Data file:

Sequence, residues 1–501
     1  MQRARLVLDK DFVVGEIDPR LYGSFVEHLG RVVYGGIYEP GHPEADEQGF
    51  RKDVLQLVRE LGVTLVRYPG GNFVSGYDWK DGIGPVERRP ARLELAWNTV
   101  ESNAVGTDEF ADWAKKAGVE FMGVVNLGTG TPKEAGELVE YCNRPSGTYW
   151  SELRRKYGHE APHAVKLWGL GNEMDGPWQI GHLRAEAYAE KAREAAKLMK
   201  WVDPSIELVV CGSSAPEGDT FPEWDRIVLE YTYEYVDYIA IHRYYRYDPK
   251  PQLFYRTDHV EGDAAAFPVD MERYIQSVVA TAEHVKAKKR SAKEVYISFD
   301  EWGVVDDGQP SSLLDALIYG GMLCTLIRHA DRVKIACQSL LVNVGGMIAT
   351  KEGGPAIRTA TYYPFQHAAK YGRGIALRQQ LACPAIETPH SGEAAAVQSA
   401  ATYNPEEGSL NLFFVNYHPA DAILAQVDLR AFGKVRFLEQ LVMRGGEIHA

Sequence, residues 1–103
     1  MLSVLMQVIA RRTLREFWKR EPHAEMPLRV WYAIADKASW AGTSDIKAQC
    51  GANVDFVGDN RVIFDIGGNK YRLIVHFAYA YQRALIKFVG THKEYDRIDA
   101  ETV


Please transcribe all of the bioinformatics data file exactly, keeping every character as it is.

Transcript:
Sequence, residues 1–501
     1  MQRARLVLDK DFVVGEIDPR LYGSFVEHLG RVVYGGIYEP GHPEADEQGF
    51  RKDVLQLVRE LGVTLVRYPG GNFVSGYDWK DGIGPVERRP ARLELAWNTV
   101  ESNAVGTDEF ADWAKKAGVE FMGVVNLGTG TPKEAGELVE YCNRPSGTYW
   151  SELRRKYGHE APHAVKLWGL GNEMDGPWQI GHLRAEAYAE KAREAAKLMK
   201  WVDPSIELVV CGSSAPEGDT FPEWDRIVLE YTYEYVDYIA IHRYYRYDPK
   251  PQLFYRTDHV EGDAAAFPVD MERYIQSVVA TAEHVKAKKR SAKEVYISFD
   301  EWGVVDDGQP SSLLDALIYG GMLCTLIRHA DRVKIACQSL LVNVGGMIAT
   351  KEGGPAIRTA TYYPFQHAAK YGRGIALRQQ LACPAIETPH SGEAAAVQSA
   401  ATYNPEEGSL NLFFVNYHPA DAILAQVDLR AFGKVRFLEQ LVMRGGEIHA

Sequence, residues 1–103
     1  MLSVLMQVIA RRTLREFWKR EPHAEMPLRV WYAIADKASW AGTSDIKAQC
    51  GANVDFVGDN RVIFDIGGNK YRLIVHFAYA YQRALIKFVG THKEYDRIDA
   101  ETV